Your Accounting Department: Looking Under the Hood

Remember when looking under the hood was a thing? Back in the olden days of my youth, owning a vehicle with less than 150,000 miles was a dream. A newer model wasn’t a glimmer of an aspiration. Old beat-up cars were the mode of travel. We learned how to keep those ugly heaps rolling.

The scene under the hood wasn’t all that complicated and more often than not, identifying and swapping out one exhausted part with a used, unbroken version of that same part was the way to go. Things have changed. The labyrinth of electronic and mechanical components now sleekly smashed together under the hood is enough to make one glaze over.

What happens when your controller accountant or bookkeeper is out for an extended period or retires? The knee-jerk reaction would just be to find a comparable replacement. Today, that would not be the optimal choice. There are process and automation alternatives to employ that may mean you do not have to hire one full time equivalent (FTE) employee to replace a departing one.  

The same age-old practice of swapping out one for another is no longer the best approach for directing your company’s accounting functions. So much has changed and improved. If you’ve been able to steward your company through the Great Recession and the COVID pandemic, it is the perfect time to rethink how the fundamental accounting processes are deployed for your company.    


Small and mid-sized businesses historically have employed bookkeepers, accountants, or a combination of both to handle accounts payable, accounts receivable, bank reconciliations and bank feeds, maintaining debt schedules and general ledger accounts, preparing financial reports – balance sheets, profit-and-loss statements, and more. In-house accountants also spend a great deal of time gathering data for various parties. They gather for tax preparers, lenders, governmental agencies, industry associations, and company owners and managers.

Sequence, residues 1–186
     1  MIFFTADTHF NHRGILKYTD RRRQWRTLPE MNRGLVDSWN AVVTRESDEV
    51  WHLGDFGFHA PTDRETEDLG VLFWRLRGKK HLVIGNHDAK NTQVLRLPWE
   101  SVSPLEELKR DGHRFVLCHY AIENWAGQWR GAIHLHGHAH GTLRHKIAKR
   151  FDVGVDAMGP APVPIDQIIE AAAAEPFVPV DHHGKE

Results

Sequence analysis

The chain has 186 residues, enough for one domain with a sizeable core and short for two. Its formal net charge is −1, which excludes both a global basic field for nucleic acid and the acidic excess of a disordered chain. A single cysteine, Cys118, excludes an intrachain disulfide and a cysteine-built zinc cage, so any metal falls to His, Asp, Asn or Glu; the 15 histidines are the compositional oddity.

The accounting profession is way out of balance; many more accountants have retired and left the ranks than have been exchanged for newly-minted replacements. That means finding a qualified bookkeeper or accountant is excruciatingly difficult. Unless you work in an accounting or bookkeeping firm, finding, hiring, onboarding, training, and managing accounting personnel are activities extraneous to your company’s core mission.

The pandemic has raised our collective awareness that not everything needs to be done on site. With cloud-based servers and secure remote logins, accounting and bookkeeping functions shouldn’t occupy expensive real estate square feet.

Then there is the issue of determining whether your accounting team is using the most current software ­and processes to best serve the company’s needs. You have to assume that your competitors are leveraging their benefits. If you examine the opportunity costs of maintaining an in-house accounting department, it would reveal loads of time, money, and energy being spent on matters that are not connected to growing your business.